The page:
Liz Cunningham

Liz Cunningham creates her bead jewelry from her living room in Sandy Point. (Courtesy photo/Liz Cunningham)

Jansen Art Center mainstay Liz Cunningham crafts bead jewelry 

LYNDEN — For Sandy Point artist Liz Cunningham, math and art go hand-in-hand.

For most of her professional life, Cunningham worked as a math instructor at both Whatcom Community College and Bellingham Technical College, eventually becoming a dean at BTC just before she retired.

Cunningham is a math person, and the precise nature of beading spoke to her mathematical mind.

“It seems like I’ve always done things that are very fine work,” she said. “I did quilting, hand-quilting and sewing, fiber arts, but it always ended up being things that were teeny tiny for some reason.”

Cunningham’s artwork is featured in the Jansen Art Center’s Fall Juried Exhibit running through Nov. 26. 

According to the center’s website, the juried exhibits “are open to the public as a way to showcase the artistic talent in Whatcom County and the surrounding region. Each season, artists are invited to submit up to five pieces to be judged by a qualified jury made up of artists, curators, and other figures in the arts community.”

For Cunningham, the beading process begins with sketches of beaded jewelry she dreams up.

“Then, if I get something that I like, the general sizes and shapes of something I want to put together, then I have to figure out what kinds of beads to use to achieve that, and also the stitches,” she said.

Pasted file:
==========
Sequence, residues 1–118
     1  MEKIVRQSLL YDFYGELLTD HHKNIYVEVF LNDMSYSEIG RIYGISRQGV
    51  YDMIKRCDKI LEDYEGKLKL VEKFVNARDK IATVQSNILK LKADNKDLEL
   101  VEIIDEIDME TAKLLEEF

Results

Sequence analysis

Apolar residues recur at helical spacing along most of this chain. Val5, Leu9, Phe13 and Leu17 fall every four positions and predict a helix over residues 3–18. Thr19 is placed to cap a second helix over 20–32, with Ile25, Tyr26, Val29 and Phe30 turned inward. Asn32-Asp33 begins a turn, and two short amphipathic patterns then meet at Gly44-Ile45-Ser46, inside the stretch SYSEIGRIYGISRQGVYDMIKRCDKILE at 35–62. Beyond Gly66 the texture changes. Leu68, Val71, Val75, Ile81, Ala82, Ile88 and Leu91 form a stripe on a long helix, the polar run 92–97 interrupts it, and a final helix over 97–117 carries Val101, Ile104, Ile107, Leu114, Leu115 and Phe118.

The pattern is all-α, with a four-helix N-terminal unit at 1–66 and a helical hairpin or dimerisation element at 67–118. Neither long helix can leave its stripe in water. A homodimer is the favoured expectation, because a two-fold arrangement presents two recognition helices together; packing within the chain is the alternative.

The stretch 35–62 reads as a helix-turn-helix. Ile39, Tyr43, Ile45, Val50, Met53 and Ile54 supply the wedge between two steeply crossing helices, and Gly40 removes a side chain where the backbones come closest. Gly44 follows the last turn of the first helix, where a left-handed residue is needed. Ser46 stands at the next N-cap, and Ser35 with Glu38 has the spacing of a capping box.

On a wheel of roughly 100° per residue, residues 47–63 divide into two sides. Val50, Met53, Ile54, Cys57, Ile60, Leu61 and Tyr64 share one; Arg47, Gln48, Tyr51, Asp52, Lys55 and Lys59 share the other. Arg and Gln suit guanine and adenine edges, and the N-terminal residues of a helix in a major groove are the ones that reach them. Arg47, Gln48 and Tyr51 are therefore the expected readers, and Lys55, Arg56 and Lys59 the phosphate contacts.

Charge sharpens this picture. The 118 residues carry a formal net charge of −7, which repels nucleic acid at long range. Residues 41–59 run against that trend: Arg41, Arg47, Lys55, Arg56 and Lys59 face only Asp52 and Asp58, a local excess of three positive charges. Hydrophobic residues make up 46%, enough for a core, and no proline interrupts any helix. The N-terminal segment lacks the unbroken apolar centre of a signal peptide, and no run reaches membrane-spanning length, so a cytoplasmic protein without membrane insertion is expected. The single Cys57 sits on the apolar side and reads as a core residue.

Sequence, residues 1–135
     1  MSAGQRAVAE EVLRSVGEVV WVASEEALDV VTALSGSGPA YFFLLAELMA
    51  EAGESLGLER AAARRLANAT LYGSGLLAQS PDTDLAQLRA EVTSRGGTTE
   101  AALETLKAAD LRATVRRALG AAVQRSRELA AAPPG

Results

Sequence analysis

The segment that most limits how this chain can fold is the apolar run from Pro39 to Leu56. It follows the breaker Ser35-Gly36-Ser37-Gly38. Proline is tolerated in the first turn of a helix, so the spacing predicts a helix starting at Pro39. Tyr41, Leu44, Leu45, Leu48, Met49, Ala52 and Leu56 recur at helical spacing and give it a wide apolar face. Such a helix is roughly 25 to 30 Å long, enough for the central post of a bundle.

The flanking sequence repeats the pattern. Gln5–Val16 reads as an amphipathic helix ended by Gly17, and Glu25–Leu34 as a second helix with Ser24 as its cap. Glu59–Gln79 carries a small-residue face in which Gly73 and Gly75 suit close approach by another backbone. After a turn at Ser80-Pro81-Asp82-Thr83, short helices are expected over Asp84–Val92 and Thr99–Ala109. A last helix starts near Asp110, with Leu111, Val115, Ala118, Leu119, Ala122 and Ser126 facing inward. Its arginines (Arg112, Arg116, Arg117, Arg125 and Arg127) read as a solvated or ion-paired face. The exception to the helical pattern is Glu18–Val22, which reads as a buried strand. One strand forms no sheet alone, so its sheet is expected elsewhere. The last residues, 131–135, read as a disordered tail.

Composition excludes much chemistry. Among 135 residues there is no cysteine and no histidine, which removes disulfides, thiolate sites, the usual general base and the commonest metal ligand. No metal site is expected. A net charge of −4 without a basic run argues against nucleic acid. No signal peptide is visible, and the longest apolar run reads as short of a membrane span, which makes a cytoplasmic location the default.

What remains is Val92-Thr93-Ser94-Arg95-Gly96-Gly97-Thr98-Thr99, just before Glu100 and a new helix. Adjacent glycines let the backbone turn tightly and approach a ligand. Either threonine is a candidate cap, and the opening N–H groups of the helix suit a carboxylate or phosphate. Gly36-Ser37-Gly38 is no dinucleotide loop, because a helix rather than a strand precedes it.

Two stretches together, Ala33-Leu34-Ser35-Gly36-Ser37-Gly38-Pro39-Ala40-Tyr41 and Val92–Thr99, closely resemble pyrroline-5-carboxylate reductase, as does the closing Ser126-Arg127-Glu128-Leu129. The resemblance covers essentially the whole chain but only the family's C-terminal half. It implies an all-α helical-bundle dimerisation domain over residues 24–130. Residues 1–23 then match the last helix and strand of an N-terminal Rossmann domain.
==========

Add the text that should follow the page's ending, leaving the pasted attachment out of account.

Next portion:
There are a dozen to two-dozen basic stitches to choose from, Cunningham said, and there’s also the process of choosing the correct beads for each project.

It takes Cunningham about 20 hours of actual beading time to complete her jewelry.

“My eye doctor gets very annoyed at me,” she said. “I’m supposed to take breaks.”

Cunningham said her favorite part of making art is seeing the finished piece, because she’s not always sure if it will work. Sometimes it doesn’t, she said. But when it does, it makes the whole process worth it.

“You get an idea in your mind and you’re not sure if it’s gonna work,” she said. “Sometimes I work on a piece, and I don’t like it in the beginning. I say, ‘This is not gonna work, this is not gonna work.’ Then, it finally works out and you’re pretty excited.”

Cunningham first became connected with the Jansen Art Center years ago through her friend, guitar player Scrub Hubner. 

She knew Hubner from their days working at Bellingham Technical College, and she decided that the center would be the perfect place to showcase her art.

She said her first pieces were accepted years ago, and now she contributes one or two in each of their shows.

Cunningham works out of her home in Sandy Point, crafting her beads in a corner of her living room under a large MagLite at a rotating table created by her husband, fellow artist Steve Cunningham.